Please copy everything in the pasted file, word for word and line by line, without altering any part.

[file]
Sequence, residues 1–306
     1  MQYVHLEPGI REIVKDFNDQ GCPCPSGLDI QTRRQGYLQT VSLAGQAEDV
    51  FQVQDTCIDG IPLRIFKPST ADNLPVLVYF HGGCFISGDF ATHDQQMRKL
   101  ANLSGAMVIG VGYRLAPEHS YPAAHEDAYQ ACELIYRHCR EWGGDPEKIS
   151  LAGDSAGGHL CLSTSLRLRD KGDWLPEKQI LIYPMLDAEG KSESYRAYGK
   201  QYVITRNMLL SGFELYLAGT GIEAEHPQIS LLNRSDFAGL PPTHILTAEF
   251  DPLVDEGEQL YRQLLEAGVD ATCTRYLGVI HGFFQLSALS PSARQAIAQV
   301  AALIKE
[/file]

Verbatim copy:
Sequence, residues 1–306
     1  MQYVHLEPGI REIVKDFNDQ GCPCPSGLDI QTRRQGYLQT VSLAGQAEDV
    51  FQVQDTCIDG IPLRIFKPST ADNLPVLVYF HGGCFISGDF ATHDQQMRKL
   101  ANLSGAMVIG VGYRLAPEHS YPAAHEDAYQ ACELIYRHCR EWGGDPEKIS
   151  LAGDSAGGHL CLSTSLRLRD KGDWLPEKQI LIYPMLDAEG KSESYRAYGK
   201  QYVITRNMLL SGFELYLAGT GIEAEHPQIS LLNRSDFAGL PPTHILTAEF
   251  DPLVDEGEQL YRQLLEAGVD ATCTRYLGVI HGFFQLSALS PSARQAIAQV
   301  AALIKE